real-time solutions such as to determine the optimal resources required at minimum cost within a
given set of constraints.The various operation problems in power system which require optimization
include Load Frequency Control (LFC), Optimal Power Flow(OPF), Economic Load
Dispatch and Unit Commitment (UC), Hydrothermal Dual Problem, Hydrothermal Interchange
Coordination, Maintenance Scheduling, Interchange Coordination, maintenance Scheduling and
Generation Planning. This project endeavors to tackle the Economic Load Dispatch problem, whose
scheduling is done over a time period of hours with the sole purpose of minimizing the expected
cost of operation of power plants while providing reliable and robust power to consumer within
given set of system and operational constraints.[1]

1.2 SURVEY OF EARLIER WORK


Economic Load Dispatch is a constrained multi-objective combinatorial problem that can be solved
by both mathematical optimization and

heuristic methods[1]. Mathematical

optimization

techniques include:

Linear Programming(LP)

Non-Linear Programming(NLP)

Integer Programming

Separable Programming(SP)

Mixed Integer Programming(MIP)

Calculus Method(Lagrange Multiplier)

Dynamic Programming

Most mathematical based algorithms can guarantee reaching an optimal solution; while do not
necessarily guarantee reaching a global optimum. Global optimality may be only reached, checked
or guaranteed for simple cases. On the other hand, many practical optimization problems do not fall
in strict forms and assumptions of mathematical based algorithms.

Moreover, if the problem is highly complex, we may not readily be able to solve them, at all,
through mathematical algorithms.Besides, finding global optimum is of interest, as finding a local
one would be a major drawback. These drawbacks are tackled by employing heuristic techniques[1]
[13]. Heuristic techniques that have been adopted in solving ELD include:

Genetic Algorithm (GA)

Simulated Annealing (SA)

Particle Swarm (PS)

Ant Colony (AC)

Tabu Search (TS)

Heuristic search methods are robust and have a faster development time while tend to be insensitive
to noise and missing data.

1.2.1 GENETIC ALGORITHM(GA)


Genetic Algorithm (GA) is based on conjunction of natural selection (survival for the fittest) and
genetics. GA was developed by John Holland in 1960's. The decision variables to be found are in
the form of string of genes. This string is called the problem chromosome, selected from a set of
population. The objective function calculated for this chromosome is called problem fitness
function. Next population (off-springs) are generated from initial chromosomes (parents).This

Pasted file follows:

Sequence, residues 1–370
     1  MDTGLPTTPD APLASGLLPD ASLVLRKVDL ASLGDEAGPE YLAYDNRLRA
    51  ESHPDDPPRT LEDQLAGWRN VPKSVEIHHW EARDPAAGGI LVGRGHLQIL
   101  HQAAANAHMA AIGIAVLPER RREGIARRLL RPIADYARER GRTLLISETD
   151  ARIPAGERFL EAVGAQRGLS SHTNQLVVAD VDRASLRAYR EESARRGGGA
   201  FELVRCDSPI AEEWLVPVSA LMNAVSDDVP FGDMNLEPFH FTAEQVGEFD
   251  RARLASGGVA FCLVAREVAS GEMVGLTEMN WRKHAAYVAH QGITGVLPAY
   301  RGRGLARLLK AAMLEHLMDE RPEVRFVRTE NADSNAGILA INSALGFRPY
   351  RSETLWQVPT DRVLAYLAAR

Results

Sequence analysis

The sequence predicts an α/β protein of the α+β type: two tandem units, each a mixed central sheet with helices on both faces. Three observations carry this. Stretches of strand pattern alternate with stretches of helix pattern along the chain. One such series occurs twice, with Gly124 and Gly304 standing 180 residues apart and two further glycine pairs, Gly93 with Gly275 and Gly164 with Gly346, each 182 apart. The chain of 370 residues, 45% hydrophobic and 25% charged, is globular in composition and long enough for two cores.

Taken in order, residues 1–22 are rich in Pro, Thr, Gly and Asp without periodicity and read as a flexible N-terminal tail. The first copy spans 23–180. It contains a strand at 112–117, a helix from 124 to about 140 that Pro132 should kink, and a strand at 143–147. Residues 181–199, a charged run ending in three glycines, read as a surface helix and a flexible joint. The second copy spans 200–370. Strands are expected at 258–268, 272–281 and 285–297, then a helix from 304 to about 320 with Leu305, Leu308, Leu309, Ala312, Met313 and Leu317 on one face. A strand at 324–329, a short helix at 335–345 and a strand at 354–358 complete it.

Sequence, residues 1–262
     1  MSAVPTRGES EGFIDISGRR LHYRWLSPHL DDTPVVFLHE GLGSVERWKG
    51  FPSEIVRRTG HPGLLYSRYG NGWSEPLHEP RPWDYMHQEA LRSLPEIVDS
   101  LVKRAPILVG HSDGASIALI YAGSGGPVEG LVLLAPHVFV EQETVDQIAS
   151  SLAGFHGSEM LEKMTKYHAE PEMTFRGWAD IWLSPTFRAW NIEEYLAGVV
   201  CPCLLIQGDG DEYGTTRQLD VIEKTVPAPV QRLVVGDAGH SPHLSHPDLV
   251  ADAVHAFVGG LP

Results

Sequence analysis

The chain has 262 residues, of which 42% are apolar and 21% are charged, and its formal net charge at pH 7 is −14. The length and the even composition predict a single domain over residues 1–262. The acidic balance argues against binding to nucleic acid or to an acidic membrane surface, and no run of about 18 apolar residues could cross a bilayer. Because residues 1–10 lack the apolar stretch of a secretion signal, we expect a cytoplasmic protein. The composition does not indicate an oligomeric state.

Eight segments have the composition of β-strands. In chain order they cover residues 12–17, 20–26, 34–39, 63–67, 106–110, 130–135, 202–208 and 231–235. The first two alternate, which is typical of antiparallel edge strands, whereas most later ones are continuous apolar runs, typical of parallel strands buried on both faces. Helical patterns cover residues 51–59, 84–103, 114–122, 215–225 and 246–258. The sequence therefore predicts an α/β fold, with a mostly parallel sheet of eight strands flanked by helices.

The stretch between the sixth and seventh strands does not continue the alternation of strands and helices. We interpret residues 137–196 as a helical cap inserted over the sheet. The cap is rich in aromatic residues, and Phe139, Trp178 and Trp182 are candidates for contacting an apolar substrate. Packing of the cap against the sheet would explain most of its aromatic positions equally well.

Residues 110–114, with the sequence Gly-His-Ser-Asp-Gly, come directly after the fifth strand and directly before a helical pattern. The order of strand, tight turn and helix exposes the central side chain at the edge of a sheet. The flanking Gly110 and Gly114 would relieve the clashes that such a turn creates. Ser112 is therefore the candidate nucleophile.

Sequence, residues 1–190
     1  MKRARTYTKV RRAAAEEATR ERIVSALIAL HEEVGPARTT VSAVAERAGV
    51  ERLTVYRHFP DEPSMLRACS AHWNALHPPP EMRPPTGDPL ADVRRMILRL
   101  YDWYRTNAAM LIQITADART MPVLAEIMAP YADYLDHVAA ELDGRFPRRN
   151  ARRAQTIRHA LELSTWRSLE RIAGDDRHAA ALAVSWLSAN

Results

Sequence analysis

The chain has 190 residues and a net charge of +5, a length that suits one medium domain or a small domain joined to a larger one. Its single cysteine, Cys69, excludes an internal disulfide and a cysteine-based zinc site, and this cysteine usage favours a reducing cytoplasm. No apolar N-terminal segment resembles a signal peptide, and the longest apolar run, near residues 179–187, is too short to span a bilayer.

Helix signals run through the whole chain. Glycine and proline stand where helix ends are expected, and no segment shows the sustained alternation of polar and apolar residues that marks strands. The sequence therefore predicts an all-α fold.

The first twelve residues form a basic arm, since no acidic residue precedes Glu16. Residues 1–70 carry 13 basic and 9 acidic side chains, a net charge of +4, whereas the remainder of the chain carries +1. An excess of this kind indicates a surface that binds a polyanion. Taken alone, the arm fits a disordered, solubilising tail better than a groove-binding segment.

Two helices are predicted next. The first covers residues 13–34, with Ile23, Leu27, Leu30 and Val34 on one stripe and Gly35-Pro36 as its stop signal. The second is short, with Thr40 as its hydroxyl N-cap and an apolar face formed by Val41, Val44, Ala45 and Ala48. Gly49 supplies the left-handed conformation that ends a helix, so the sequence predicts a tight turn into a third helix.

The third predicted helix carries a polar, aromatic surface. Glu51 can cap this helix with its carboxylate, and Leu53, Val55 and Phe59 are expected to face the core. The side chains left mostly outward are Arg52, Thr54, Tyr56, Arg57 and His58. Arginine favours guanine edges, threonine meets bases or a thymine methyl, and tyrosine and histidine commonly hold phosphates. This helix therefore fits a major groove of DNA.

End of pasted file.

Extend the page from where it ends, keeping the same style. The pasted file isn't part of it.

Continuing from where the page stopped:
regeneration results in chromosomes with a better fitness value.
GA depends on selection, crossover and mutation. Population of chromosomes is initially
generated. Then two chromosomes are considered as parents based on the fitness value.Crossover is
used to generate off- springs from the two parents by interchanging the value of genes at specific
positions. Mutation curds the drawback of the value of a given gene not changing during crossover.
Mutation operator tries to alter the value of a gene randomly. A summary of GA approach is made
below.

1. Randomly generate an initial solution population


2. Evaluate these solutions for fitness
3. If iteration/time constraints are not yet satisfied
4. Select parents (best solution so far)
5. Recombine parents using portions of initial solutions(crossover)
6. Add possible random solutions (mutation)
7. Evaluate new solution for fitness then return to step 3
In recent times, GA has become the most popular algorithm for solving Economic Load Dispatch
problem. GA has the following advantages: ease of coding, inherent parallelism, the use of
genotype instead of phenotype moves the search from local minima. However, GA requires
intensive computational time making the optimization process slow. GA is suited for optimization
of multi-modal functions in highly complex and nonlinear landscape, especially when the function
does not have an analytic description and is noisy and discontinuous and such is the nature of ELD
problem. [13]

1.2.2 SIMULATED ANNEALING (SA)


In statistical mechanics, annealing is often performed in order to relax the system to a state with
minimal free energy. The free energy of matter corresponds to objective function while the state of
statistical physics corresponds to solution in optimization problem. The basis of SA is Metropolis
Algorithm. Metropolis Algorithm works on the principle of generating a new state, for given initial
state with a given energy level. The new state is obtained by a small permutation of the original
state using Monte Carlo method to choose the particle to move. Thus SA consists of two methods
vis generation of alternatives (states) and acceptance rule . SA is effective in network configuration